During this climb, the object also reached its maximum brightness, only very slightly less than that of the crescent moon. As it continued to rise, it began to dim. It finally vanished from my sight high above the horizon, about 60° to 70°, over the glow of the lights of Firebaugh, another small town about 12 miles due north of my position.
The total time which the object remained in view, from my first sighting of the diffused mass of light until the final disappearance of the flattened sphere, seemed to be about 40-50 seconds, but an accurate estimate is quite difficult. It could have been somewhat shorter, but almost certainly wasn't longer.
Throughout the episode, I remained relatively calm, but was filled with awe when I realized that I had just witnessed a phenomenon about which I had previously only read, and, up to that time, was not at all certain actually existed.
As soon as the object disappeared, I jumped off the wing and asked my loader if he had seen anything. He had not, and when I told him what I had witnessed, he was disappointed, to say the least. He finished mixing the batch of pesticide, and I sprayed four loads on the field. I then sprayed another quarter section located northeast of the strip without further incident.
After returning to Tranquillity, I sought out my two flaggers, and asked them if they had seen anything unusual the previous night. They were both very evasive and reluctant to answer my questions, and kept trying to change the subject. I finally got them to admit that they had also seen the object. Their view of it had been better than my own, since they described it as somewhat larger and brighter than it had appeared from my location. From this, I estimated that they were closer to it than I had been, although it had still remained to the north of them.
With further questioning, the fact emerged that they had also seen the same object on the previous two nights, while flagging for another pilot. The girls described it very aptly as: a little, flat, flying football. They had told no one else of these previous sightings, and remained very reluctant to discuss them with me. I later talked with the other pilot, who stated that he had seen nothing out of the ordinary on either night.
Several nights later, at around midnight, I was in the air, returning to Tranquillity from the western edge of the valley. I was heading almost due east, flying at about 500'. Suddenly, to the south, just off my right wing, at what seemed to be considerable distance away, I again sighted a column of diffused light. This time, the glow was more yellowish than orange. It appeared to move very slowly to the west, and I waited for a few seconds to see if another bright, oval shape would materialize from it. This did not occur. I then turned the airplane toward the light column, and flashed my two field lights of six hundred watts each. It immediately disappeared, and I saw no further evidence of the phenomenon.
A few days afterward, I wrote to the National Investigative Committee on Aerial Phenomena, NICAP, and reported the first sighting. Since the second light column had seemed rather far away, and was visible for only a short time, I didn't mention it. I later made out a NICAP report form and returned it. There was no reply from the organization, and I later learned that NICAP became non operational the next year.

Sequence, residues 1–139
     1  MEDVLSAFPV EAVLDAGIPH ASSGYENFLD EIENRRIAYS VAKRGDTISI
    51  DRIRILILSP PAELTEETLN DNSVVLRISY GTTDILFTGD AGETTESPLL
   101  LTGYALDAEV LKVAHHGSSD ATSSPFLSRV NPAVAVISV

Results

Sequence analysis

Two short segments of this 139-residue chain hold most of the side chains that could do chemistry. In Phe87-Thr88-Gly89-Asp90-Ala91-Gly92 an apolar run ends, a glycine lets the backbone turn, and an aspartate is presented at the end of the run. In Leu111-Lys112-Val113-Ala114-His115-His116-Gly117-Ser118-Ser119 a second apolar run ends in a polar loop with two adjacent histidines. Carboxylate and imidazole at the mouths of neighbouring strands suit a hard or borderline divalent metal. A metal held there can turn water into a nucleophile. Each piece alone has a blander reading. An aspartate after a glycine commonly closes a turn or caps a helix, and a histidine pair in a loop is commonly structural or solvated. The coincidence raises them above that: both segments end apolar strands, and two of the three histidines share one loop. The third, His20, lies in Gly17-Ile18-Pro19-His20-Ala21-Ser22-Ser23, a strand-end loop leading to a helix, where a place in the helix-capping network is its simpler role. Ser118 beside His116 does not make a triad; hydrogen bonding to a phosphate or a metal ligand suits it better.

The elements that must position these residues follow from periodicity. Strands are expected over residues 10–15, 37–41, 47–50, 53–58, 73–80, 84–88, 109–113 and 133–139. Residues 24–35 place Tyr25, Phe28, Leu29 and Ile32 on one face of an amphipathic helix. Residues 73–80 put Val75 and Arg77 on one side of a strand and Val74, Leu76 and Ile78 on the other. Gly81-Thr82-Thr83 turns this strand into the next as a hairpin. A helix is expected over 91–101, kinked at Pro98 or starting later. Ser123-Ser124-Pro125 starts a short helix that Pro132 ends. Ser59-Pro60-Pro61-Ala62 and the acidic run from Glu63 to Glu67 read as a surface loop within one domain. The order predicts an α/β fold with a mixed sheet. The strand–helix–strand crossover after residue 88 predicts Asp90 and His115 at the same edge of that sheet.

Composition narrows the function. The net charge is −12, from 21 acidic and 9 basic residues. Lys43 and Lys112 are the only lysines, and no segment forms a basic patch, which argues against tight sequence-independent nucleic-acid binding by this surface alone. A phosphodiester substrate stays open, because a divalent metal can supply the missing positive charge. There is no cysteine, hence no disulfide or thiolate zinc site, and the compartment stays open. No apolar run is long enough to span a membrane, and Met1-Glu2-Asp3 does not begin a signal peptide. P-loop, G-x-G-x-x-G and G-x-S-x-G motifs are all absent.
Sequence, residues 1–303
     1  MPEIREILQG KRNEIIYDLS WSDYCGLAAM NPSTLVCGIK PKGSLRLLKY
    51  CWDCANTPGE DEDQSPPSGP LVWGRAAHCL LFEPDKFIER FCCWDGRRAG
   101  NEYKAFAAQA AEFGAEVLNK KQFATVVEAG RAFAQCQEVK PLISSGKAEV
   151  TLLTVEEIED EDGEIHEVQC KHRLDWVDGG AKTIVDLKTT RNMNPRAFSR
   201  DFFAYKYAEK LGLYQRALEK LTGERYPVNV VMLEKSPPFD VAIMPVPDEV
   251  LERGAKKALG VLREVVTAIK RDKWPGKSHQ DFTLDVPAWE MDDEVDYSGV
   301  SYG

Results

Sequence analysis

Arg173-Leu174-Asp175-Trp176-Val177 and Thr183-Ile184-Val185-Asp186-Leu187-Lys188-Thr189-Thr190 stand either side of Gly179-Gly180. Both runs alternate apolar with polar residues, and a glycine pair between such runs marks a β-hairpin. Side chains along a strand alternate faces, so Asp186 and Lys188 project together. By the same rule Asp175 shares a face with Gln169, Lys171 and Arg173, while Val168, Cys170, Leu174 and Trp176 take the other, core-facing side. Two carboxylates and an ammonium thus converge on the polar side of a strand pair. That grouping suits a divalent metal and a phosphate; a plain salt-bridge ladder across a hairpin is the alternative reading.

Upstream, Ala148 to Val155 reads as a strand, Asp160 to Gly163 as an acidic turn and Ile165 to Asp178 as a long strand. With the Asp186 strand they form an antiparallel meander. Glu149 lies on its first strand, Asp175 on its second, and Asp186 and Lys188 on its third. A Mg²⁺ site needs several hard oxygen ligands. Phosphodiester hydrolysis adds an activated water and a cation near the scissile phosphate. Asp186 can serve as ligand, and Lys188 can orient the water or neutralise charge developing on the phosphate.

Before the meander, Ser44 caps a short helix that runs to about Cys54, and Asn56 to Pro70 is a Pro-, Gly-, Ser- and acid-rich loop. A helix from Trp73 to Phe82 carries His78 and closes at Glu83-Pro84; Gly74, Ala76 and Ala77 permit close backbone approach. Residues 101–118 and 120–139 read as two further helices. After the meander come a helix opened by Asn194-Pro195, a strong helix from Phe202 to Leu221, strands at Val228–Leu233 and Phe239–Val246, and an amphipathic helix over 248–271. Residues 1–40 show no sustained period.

That sighting of July 28 made a very deep and lasting impression. I can still see the glowing orange, flattened sphere as vividly in my mind as it appeared on that early morning many years ago. I have no doubt that the device, or whatever it was, was real. There is absolutely no way that it could have been a product of my imagination. Twelve years previously, I had flown in the Sudan with some AG pilots who mentioned seeing somewhat similar objects in Arkansas and Florida.
Around that same time, many persons in the Mendota/Tranquillity area claimed to have seen, over a period of several nights, a gigantic, black object, with strange, multi colored flashing lights. It moved slowly, making no sound, and was so huge that it obscured a significant portion of the night sky. This fits the mother ship description of which I later read in various UFO accounts. I never saw this vehicle, so I can't verify its existence, but it was the talk of all of the little towns on the west side of the San Joaquin Valley for many weeks afterward.
Over the years, I have seen two other unusual objects during night AG flying operations in the same general area. I once observed a bright blue light descend slowly to the ground from a high altitude, and watched, for a minute or so, a group of several bright white lights in a perfect L formation. They were flying very high and very fast, much faster than any known conventional aircraft. Neither of these incidents had the visual and psychological impact of the 1978 sighting however.
As I write this, I have spent over 35 years in agricultural aviation, and accumulated more than 11,000 hours of AG flying time, several thousand of these at night. During the many thousands of hours I have spent outdoors after dark, I have seen hundreds of satellites, about 30 missile launches from Vandenberg AFB, all of the visible planets under widely varying sky conditions, and many thousands of military and civilian aircraft in all modes of flight. What I saw on that early July morning was totally unlike anything else I have ever observed in the night sky. Since then, I have read hundreds of books dealing with all aspects of UFOs. Many of them contain accounts that are inconsistent and contradictory, while others are obviously outright fantasy. A few, however, seem to be authentic. Unlike most other UFO researchers, my search for the truth behind the many thousands of documented appearances of these phenomena is driven by the certain knowledge that they in fact exist.